Stella Tutorial: Paper models of 4D polytopes
With only three dimensions to our world, it can be very hard to visualise
makes this easier by showing us 3D aspects of these shapes that we can
understand, but there's still nothing better than holding a model in your own
hands, and 4D can lead to some great 3D models.
4D polytopes can be projected into 3D, but it's still hard to see what's
going on because there's too much clutter obscured inside. It can help to hide
some of the cells in order to get a clearer view of what's going on.
I'll consider 308-Grit as an example, and describe how I
obtained nets for building a paper model.
19-Tat (the truncated tesseract) is constructed in a
similar way, except that I didn't hide all of one type of cell. Instead I
hand-picked four of the eight truncated cube cells for
hiding. To do this, use Ctrl+h which hides only the selected cell,
instead of h which hides all cells of the same colour.
- Load the model:
"File→Polyhedron List" or Ctrl+N.
- Type "308" or "grit", hit Enter or click OK.
- First we want to hide all the truncated
cuboctahedron cells, so start by selectng one of them
(Shift+Left-click on one of them. They are the blue ones). It should
become highlighted in white.
- Hide all the blue cells ("Display→Show/Hide Cells of Selected
Color" or just hit "h").
- We want full-size cells, so do Ctrl+Shift+Right-click.
- You should now be looking pretty much at the model we want to make. You
may however want to play with the 4D projection to adjust the sizes as you
Do this by entering 4D Tumble Mode
"Selection→Mouse Selection Modes→4D Tumble Mode"). Then
hold down the Space bar and Right-drag until you get the
model how you want it. You probably want to adjust the perspective so that the
central parts aren't too small, but also so that the outer parts aren't too
- Click the
left-and-down arrow button in the top right corner of the view. It
has a small "3" next to it indicating that you will be converting this to a 3D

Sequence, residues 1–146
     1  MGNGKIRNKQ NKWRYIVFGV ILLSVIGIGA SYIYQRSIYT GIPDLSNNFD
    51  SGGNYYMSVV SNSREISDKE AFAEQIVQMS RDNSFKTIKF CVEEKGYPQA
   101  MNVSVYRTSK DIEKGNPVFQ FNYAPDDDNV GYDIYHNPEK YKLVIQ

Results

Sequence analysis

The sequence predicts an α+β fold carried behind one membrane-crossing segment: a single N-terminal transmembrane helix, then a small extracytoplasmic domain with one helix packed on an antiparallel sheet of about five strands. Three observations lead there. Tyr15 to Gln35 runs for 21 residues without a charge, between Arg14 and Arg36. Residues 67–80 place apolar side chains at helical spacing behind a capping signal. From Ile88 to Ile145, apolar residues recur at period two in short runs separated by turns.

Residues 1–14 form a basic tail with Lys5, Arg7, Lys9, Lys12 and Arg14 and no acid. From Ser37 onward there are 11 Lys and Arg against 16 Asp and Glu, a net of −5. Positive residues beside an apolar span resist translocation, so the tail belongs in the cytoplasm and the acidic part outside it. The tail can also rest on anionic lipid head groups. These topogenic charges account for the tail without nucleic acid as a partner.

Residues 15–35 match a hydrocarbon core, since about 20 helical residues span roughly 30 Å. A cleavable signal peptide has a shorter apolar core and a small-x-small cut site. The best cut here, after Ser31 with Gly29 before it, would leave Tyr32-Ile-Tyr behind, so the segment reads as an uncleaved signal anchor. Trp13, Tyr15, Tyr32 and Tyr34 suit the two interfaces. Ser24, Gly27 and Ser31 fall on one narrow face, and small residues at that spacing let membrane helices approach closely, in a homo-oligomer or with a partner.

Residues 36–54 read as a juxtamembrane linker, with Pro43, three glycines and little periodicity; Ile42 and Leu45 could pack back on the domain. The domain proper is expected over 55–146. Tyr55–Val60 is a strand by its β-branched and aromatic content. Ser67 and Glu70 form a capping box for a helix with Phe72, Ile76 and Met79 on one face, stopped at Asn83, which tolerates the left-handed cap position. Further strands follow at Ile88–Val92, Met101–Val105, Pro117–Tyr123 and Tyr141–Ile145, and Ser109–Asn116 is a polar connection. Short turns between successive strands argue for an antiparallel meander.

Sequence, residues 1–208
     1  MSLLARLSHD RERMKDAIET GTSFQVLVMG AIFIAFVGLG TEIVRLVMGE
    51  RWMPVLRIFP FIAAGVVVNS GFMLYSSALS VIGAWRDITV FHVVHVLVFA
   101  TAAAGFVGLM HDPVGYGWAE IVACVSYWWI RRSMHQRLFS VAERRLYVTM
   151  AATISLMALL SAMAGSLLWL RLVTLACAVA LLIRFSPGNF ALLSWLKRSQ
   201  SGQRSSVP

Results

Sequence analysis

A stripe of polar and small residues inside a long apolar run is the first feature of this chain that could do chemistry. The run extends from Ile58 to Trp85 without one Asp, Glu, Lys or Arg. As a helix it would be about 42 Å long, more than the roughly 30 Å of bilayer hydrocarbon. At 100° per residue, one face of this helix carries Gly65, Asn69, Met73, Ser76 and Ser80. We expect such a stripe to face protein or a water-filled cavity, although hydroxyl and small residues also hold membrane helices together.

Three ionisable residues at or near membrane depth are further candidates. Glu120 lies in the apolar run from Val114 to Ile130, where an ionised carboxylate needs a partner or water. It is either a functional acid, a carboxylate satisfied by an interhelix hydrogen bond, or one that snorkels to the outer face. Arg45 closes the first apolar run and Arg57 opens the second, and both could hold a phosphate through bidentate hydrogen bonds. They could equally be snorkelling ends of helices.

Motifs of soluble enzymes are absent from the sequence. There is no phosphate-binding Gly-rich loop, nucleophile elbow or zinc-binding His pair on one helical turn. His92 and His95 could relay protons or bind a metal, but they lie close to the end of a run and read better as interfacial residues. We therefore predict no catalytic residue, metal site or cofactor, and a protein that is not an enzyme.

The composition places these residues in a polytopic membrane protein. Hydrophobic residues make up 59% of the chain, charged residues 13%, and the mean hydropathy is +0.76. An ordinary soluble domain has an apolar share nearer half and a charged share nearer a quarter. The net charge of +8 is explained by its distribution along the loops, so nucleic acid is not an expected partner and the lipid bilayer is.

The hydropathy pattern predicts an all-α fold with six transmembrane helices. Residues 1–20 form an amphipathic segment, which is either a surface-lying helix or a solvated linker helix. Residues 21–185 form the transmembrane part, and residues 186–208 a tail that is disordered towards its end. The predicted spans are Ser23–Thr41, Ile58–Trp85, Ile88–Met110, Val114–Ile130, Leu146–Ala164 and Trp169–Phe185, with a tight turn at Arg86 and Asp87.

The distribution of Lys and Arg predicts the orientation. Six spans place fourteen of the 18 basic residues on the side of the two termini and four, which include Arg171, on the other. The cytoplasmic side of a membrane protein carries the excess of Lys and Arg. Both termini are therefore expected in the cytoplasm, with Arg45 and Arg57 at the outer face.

model. You will be asked to choose what to do about the hidden cells, but you
will almost always want to just choose the default (top) answer, so just hit
- And voila! You have a 3D model that you may treat like any other 3D model.
Unfolded Net view to see nets.
Alternatively, you may wish to build models like 308-Grit by creating
each individual projected cell, then gluing them together face-to-face. I used
this method for 133-Srip, and Fr. Magnus Wenninger used
this method for his 4D models. In this
case you need separate nets for each differently-projected cell. So for each
cell you will need, perform the following steps:
Provided you do not change the scale of the original 4D model, the scale for
nets of each projected cell should end up matching.
- Hide all other cells. Do this as follows:
- Start with all cells unhidden (Ctrl+Shift+h if necessary).
- Hide the one cell of interest (select it with
Shift+Left-click, then hide it with Ctrl+h).
- Toggle the hidden cells (Ctrl+Shift+T). This brings back the
hidden cell, but hides all others.
- As before, click the
left-and-down arrow button to convert this one cell to a
3D base model. Hit Enter to accept the default response from the
dialog box that appears.
To see 3D cross-sections of 4D polytopes, use the
Cross-Section view. Use Ctrl+Left-drag to change the depth at which
the slice is taken. When you get a model you like in the cross-section view,
left-and-down button in the top right corner of that view to turn it into a
fully-fledged 3D model. Then you can print out nets etc.
Cross-sections where the slicing hyperplane passes through vertices of the
polychoron are often particularly interesting, and sometimes a little simpler
to make. You can step through these with the yellow left and right arrow
buttons at the top of the Cross-Section view, or just by hitting the left or
right arrow keys on the keyboard if the Cross-Section view is selected.